Privacy Issues Discovered in Microsoft Outloook App for iOS and Android

Vulnerabilities in the newly released iOS and Android versions of Outlook have been discovered, with one causing the app to bypass custom Exchange ActiveSync security policies in organizations.

The flaw was discovered by security firm Rapid 7's Dirk Sigurdon, who warns that while there are many security issues with the apps, this one is the most dangerous for enterprises. "Any ActiveSync policy defined on the server is completely ignored," wrote Sigurdson in a post on the security firm's Web site. "Your company can define a sophisticated passcode or encryption policy that will have absolutely no impact on devices if this new e-mail client is used by your employees."

The issue occurs due to Microsoft's cloud service saving and storing user credentials after logging into the service for the first time. The stored credentials allow for the device to automatically connect to a corporate mail network, bypassing some authorization policies set up by IT. The new app, which came out of Microsoft's purchase of Acompli in December, was on the Android and Apple app markets for less than a week before the security holes were discovered.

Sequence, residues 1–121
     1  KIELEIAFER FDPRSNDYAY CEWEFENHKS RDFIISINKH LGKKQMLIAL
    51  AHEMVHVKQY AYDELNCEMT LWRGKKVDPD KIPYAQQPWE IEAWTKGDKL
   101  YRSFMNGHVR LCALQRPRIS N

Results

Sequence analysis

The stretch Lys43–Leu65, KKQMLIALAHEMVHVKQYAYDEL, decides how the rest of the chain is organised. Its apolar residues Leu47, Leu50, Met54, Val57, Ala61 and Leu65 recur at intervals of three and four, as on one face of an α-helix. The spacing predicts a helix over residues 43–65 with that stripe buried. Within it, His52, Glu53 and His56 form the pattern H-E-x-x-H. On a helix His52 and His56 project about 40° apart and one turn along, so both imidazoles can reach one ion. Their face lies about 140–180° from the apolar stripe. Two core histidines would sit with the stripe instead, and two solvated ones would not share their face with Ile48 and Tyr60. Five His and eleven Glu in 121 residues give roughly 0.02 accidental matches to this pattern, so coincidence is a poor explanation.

In response, the European Parliament has completely blocked access to the app by its members and recommends that users uninstall and change their Outlook passwords immediately. Joining the organization in blocking the app was the University of Wisconsin, which cut off access to the Outlook app on Monday.

Sigurdson recommends that other organizations follow suit until a fix from Microsoft is released. "If your organization is dependent on ActiveSync policies in any way, you should immediately block ActiveSync access to Outlook for iOS and Android," said Sigurdson.

Microsoft is aware of the issue and has said in a statement that a PIN lock feature and additional fixes that will resolve corporate Exchange ActiveSync policies will be coming "in the next few weeks."

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Chris Paoli is the site producer for and

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